Poynter recently ran a story entitled “Losing Your Lunch — Whatever happened to the midday meal?” that discusses the loss of lunch in today’s news cycle. What they’re talking about is the disappearance of the midday meal and our ever-increasing reliance on working through lunch.
Well, really, the article is talking about the time demands on reporters. But those of us in PR know that these things apply to us as well.
How did we ever get things done back in the early 1970s, when I was a cub reporter? We had none of today’s technical support.
But for all we lacked back then, we had something that few journalists seem to enjoy today.
We had lunch.
Lunch, remember it? Real lunch.
I’m talking the sit-down-in-a-restaurant-and-order lunch.
Why is it that with all the technological advances we enjoy in newsrooms, we have less down-time than ever before? And why have we lost our lunch, so to speak?
Blame the 24/7 news cycle.
Blame the corporations who ask us to do more with less — and like it.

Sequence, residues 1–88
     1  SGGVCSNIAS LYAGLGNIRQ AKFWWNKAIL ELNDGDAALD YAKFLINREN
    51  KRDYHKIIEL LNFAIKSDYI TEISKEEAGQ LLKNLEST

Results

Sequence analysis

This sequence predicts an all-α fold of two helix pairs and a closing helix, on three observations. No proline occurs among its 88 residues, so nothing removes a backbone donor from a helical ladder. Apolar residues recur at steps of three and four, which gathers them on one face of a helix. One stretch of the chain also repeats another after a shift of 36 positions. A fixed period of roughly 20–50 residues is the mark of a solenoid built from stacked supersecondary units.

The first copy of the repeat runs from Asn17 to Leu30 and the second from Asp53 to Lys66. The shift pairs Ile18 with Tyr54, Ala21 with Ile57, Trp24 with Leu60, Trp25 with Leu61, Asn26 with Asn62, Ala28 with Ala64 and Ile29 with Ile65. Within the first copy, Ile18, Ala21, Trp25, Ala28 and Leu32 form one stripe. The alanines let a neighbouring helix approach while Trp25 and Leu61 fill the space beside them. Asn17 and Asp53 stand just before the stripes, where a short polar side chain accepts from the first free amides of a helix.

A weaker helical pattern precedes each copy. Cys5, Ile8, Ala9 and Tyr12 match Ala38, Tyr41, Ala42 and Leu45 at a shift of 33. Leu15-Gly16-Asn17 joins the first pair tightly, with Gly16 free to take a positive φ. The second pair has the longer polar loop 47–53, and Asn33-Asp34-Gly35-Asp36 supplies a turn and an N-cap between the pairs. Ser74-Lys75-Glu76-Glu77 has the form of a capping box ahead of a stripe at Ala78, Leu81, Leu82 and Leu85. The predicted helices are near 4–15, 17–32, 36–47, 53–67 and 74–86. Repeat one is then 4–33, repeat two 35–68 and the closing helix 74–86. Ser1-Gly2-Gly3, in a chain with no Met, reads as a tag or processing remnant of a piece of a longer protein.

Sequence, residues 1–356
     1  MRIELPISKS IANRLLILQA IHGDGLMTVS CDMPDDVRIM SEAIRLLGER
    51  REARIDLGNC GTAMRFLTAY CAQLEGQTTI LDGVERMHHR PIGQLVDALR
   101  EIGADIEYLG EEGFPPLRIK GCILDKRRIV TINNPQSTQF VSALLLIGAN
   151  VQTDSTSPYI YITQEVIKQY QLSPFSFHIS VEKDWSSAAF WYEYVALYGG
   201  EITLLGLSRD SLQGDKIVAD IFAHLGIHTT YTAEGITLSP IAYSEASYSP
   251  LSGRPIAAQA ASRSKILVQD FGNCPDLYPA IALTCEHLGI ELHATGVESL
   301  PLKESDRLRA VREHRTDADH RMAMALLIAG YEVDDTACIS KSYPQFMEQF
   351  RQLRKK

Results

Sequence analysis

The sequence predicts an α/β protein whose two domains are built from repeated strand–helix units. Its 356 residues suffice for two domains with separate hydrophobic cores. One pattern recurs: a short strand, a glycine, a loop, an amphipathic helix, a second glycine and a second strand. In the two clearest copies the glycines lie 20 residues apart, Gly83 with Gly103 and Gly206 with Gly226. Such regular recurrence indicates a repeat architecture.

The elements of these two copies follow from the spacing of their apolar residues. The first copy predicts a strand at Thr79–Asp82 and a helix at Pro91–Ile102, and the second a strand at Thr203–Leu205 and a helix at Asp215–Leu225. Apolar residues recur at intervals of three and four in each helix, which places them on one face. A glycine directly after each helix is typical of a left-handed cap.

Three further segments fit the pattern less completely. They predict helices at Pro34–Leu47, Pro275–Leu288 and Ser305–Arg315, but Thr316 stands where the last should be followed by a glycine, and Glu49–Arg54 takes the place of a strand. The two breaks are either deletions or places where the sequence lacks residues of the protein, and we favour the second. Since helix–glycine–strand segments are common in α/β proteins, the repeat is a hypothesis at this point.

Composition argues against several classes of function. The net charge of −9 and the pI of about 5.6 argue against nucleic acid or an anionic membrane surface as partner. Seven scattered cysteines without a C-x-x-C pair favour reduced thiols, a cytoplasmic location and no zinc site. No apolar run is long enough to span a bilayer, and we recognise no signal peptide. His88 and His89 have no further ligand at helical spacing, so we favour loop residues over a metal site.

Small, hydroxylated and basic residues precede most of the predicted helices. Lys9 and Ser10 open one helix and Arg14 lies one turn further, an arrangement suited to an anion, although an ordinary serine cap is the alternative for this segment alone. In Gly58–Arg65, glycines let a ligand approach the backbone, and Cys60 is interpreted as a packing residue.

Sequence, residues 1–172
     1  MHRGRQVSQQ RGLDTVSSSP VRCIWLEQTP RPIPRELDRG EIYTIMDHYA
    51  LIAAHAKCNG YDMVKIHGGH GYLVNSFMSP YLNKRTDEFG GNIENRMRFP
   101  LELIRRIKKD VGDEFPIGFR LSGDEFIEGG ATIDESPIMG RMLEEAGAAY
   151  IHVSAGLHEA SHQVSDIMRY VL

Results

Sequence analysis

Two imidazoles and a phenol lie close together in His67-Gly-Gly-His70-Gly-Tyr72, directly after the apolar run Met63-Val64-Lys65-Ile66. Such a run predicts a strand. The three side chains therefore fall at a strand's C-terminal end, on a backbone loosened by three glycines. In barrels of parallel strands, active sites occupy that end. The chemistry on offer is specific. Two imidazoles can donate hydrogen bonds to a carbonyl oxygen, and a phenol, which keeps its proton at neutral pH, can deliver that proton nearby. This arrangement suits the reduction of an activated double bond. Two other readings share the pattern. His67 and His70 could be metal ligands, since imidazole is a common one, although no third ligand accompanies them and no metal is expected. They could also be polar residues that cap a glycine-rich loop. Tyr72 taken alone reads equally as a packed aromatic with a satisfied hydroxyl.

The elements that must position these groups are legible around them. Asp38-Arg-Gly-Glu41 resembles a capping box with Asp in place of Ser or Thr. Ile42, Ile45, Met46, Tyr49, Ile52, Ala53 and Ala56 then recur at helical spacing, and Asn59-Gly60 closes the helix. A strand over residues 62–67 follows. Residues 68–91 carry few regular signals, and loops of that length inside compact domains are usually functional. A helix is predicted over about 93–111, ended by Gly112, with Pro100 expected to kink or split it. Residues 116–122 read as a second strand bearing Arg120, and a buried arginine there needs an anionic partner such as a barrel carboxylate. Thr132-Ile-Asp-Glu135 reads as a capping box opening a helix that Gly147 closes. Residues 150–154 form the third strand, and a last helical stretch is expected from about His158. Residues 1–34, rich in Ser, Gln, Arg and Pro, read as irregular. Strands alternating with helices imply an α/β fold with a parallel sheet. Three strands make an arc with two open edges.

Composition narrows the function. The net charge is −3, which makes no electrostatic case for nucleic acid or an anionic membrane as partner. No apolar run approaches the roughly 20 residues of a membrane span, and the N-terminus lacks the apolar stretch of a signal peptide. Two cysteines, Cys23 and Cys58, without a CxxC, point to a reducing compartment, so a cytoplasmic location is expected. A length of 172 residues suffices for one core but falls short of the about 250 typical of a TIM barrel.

Blame the onslaught of inquiries and info we now must approach like triage medics: immediate attention here, a slightly delayed response here, delegation there.
One of the first things I had to learn when I jumped into a media relations position was how to work a 10-hour day without taking a lunch break. In fact, I so seldom actually got out of the office for lunch, that I started meeting friends for breakfast or only on weekends. And, by the way, breakfast means 6 a.m. hotcakes & coffee.
Maybe that should be a class in college: “Surviving the day on caffeine and sugar.”